Manumission

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Manumission is the act of a slave owner freeing his or her slaves. In the United States before the passage of the Thirteenth Amendment to the United States Constitution, which abolished slavery, this often happened on the death of the owner, as a condition of their will.

Contents

Motivations

The motivations of slave owners in manumitting slaves were complex. Three motives may be detected.

Firstly, manumission may present itself as a sentimental and benevolent gesture. One typical scenario was the freeing in the master's will of a devoted servant after long years of service. This kind of manumission generally was restricted to slaves who had some degree of intimacy with their masters, such as those serving as personal attendants, household servants, secretaries and the like. In some cases, master and slave had had a long-term sexual relationship, perhaps with tenderness felt on one or both sides. Some manumitted slaves were the offspring of such sexual encounters. While a trusted bailiff might be manumitted as a gesture of gratitude, for those working as agricultural labourers or in workshops there was little likelihood of being so noticed.

Such feelings of benevolence may have been of value to slave owners themselves as it allowed them to focus on a 'humane component' in the human traffic of slavery. A cynical view of testamentary manumission might also add that the slave was only freed once the master could no longer make use of them. In general it was also much more common for old slaves to be given freedom, that is to say once they had reached the age where they were beginning to be less useful. Legislation under the early Roman empire put limits on the number of slaves that could be freed in wills (Fufio-Caninian law 2 BC), suggesting a pronounced enthusiasm for the practice.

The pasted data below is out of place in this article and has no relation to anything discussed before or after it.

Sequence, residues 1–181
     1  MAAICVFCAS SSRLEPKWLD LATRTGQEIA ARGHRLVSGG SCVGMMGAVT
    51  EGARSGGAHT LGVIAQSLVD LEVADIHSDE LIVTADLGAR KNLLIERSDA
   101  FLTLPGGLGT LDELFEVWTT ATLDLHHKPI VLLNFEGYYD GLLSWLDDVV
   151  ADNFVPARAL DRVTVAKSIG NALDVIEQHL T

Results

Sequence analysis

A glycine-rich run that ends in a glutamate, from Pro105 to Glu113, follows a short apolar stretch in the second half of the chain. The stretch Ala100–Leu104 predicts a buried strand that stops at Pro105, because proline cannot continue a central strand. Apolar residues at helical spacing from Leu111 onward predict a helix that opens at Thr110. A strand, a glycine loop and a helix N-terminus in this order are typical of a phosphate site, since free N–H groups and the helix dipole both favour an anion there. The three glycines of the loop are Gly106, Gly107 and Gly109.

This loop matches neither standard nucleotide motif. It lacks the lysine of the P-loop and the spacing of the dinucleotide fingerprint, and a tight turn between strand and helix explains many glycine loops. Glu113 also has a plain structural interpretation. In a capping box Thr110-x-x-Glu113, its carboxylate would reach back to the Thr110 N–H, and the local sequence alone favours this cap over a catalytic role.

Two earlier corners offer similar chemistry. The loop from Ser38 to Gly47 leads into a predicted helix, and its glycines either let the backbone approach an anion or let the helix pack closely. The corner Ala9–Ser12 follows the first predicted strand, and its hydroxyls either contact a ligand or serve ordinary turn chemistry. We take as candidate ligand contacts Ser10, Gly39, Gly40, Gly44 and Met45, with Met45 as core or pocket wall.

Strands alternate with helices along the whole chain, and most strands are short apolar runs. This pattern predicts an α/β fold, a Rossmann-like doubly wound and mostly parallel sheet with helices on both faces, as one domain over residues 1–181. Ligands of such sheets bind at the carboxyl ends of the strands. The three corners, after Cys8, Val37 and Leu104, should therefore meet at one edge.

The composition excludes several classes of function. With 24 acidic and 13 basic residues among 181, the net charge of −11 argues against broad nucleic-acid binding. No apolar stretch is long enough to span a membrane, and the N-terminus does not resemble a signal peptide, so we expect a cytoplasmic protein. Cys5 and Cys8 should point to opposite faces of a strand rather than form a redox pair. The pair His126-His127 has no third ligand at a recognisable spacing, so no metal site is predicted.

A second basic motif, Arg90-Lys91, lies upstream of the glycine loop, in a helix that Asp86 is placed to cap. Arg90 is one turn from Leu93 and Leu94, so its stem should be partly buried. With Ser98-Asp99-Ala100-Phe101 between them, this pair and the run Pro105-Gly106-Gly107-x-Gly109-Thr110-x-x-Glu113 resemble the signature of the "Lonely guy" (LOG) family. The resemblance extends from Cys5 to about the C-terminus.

At the same time freeing slaves could also serve the pragmatic interests of the owner. The prospect of manumission worked as an incentive for slaves to be industrious and compliant, the light at the end of the tunnel. Roman slaves were paid a wage (pecunium) with which they could save up to, in effect, buy themselves. Or to put it from the master's point of view, they are providing the money to buy a fresh and probably younger version of themselves. (In this light, the pecunium becomes an early example of a "sinking fund".) Manumission contracts found in some abundance at Delphi specify in detail the prerequisites for liberation.

In the United States, manumission had two main motivations. The first was linked to a self purchasing agreement between the slave and his or her owner. This agreement awarded the slaves his/her freedom while still allowing the owner to make a profit. The slave would agree to market farm produce or do additional employment somewhere else. Secondly, slaveholders would free slaves if they were changing their cash crop. When switching from tobacco to wheat, a slave holder would need fewer slave hands because the crop would not need year-round service.

Status after manumission

Ancient Greece

Greek slaves generally became metics upon being manumitted. That is, they became resident aliens, non-citizens in the city where they lived. The freedom they attained, however, was not absolute. At Athens, freeborn metics were required to nominate a sponsor or patron (prostates): in the case of freed slaves this was automatically their former master. In their case, this relationship entailed some degree of continuing duty to the master. Failure to perform this could lead to prosecution at law and re-enslavement. Continuing duties specified for freed slaves in manumission agreements became more common into the Hellenistic era, but it might be that these were customary earlier. Sometimes extra payments were specified by which a freed slave could liberate themselves from these residual duties. One standard requirement was that the freed person continue to live nearby their old master (paramone). As ex-slaves risked beatings for failing to meet these duties, their freedom was limited. But certainly ex-slaves were able to own property outright, and their children were free of all constraint, whereas those of slaves were simply the further property of the master. Furthermore, even free individuals could be subject to paramone.

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